A Visit to Bardstown KY – Bourbon Capital of the World – 5 Things You Must Do

On my recent all-too-brief trip to Bourbon Country and Bardstown, KY, I had time to do a few things that I wanted but I saw so much more that I would love to experience. Luckily for me I live only about 40 miles away so I can go back and do these later. If you are ever lucky enough to find yourself in Bardstown, here are five activities or attractions that you should consider doing.

1. Visit a Distillery or Two. Okay, this is really the only real “must-do” in bourbon country. I only had the time to visit Heaven Hill, the closest distillery to downtown, but there are dozens more distilleries within minutes of Bardstown including the world famous Jim Beam and Maker’s Mark Distilleries. Learn how bourbon is made, the history of bourbon and the surrounding area and sample the goods at the end. What’s not to love.

2. Visit The Old Talbott Tavern. I had lunch at this historic inn and tavern that sits smack on the Courthouse Square. It now operates as a restaurant, hotel and bed & breakfast. It has a very colorful past. Here is a clip from their website:

The old stone reminder of Bardstown’s beginnings still welcomes visitors to the bustling downtown area. Since the late 1700s, the Old Talbott Tavern on Court Square has provided shelter, food and drink to Kentucky travelers.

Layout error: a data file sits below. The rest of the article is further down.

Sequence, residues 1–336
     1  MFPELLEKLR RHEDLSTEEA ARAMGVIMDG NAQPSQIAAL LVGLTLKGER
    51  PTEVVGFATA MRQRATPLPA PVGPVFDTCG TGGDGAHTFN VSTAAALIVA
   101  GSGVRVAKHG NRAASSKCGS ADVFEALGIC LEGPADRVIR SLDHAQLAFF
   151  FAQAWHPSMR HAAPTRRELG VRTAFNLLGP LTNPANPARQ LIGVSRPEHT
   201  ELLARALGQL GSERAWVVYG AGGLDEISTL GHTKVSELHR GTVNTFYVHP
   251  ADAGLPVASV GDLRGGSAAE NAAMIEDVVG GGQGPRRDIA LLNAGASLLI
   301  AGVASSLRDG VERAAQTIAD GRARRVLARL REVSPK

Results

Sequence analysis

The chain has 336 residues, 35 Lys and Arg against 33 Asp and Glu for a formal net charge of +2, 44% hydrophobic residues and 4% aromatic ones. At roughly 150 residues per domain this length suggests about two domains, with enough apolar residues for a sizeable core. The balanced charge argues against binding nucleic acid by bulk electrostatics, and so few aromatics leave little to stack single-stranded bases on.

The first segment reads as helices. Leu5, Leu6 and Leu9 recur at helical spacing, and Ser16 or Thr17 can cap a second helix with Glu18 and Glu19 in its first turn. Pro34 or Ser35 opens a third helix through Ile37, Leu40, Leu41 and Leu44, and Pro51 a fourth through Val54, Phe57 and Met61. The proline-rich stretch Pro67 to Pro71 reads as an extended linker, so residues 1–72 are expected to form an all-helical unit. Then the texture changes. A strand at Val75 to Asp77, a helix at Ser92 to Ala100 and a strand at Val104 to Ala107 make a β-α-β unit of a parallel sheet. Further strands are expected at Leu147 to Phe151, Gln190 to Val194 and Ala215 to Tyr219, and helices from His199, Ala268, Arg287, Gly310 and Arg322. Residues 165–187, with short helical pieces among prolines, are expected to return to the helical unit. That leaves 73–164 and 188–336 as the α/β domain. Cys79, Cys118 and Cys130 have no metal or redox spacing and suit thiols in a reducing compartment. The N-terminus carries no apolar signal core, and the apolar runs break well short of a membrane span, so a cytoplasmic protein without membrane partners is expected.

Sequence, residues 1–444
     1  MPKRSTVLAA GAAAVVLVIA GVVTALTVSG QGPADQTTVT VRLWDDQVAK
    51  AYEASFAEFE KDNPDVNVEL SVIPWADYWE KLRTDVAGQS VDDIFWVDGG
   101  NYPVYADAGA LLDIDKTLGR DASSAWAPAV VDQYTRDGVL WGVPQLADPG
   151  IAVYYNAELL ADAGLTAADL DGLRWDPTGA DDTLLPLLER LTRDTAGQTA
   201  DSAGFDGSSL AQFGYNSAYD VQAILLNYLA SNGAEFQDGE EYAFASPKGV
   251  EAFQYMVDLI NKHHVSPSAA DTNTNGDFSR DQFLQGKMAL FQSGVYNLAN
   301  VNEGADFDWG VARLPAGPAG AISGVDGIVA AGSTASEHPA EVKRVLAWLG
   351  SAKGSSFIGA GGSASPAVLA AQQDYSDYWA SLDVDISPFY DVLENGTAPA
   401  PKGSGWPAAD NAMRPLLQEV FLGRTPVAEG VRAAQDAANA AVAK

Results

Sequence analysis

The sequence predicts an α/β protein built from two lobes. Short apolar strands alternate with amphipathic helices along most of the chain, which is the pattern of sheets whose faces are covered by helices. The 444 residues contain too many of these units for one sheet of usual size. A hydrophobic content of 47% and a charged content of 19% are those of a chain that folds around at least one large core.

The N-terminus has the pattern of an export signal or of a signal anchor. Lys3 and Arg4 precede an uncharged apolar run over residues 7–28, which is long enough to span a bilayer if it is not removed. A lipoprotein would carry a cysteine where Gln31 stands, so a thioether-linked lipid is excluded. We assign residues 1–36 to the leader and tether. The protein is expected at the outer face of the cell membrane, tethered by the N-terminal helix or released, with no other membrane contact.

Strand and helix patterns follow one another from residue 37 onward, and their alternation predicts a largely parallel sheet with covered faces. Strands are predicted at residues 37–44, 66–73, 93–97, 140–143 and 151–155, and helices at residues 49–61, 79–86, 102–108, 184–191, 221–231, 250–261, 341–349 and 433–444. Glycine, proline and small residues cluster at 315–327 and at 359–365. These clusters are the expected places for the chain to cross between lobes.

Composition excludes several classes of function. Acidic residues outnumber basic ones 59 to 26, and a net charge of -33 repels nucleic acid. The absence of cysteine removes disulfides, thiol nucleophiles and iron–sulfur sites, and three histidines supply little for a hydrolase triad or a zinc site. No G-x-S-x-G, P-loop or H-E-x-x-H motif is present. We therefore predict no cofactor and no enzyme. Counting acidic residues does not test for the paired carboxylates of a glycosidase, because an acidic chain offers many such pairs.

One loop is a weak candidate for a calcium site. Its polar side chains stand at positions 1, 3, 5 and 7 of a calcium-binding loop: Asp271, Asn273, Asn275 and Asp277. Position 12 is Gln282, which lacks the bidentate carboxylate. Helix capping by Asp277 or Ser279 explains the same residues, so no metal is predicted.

Talbott Tavern is said to be the oldest western stagecoach stop in America as the westward expansion brought explorers from the east into Kentucky.

According to legend, figures straight from the history books sought lodging here during their travels; as a young boy Abraham Lincoln and his family stayed here, Gen. George Rogers Clark, Daniel Boone, and exiled French King Louis Phillipe and his entourage stayed here, even painting murals on the upstairs walls. There are noticeable bullet holes in the now faded paintings and Jesse James is said to be responsible for them.

Riiiiight. Hey, it’s possible. Jesse James mother lived in my hometown of Brandenburg and I have slept in her bedroom. She wasn’t there at the time. 😉 But that’s a story for another time.

Anyway, if you go to the Old Talbott Tavern, go for the history because the food is just average. Nothing wrong with it but it would definitely not make it onto my Roadfood Blog of places to eat on the road.

Oh, one more thing — it’s said to be haunted. Maybe it’s Jesse.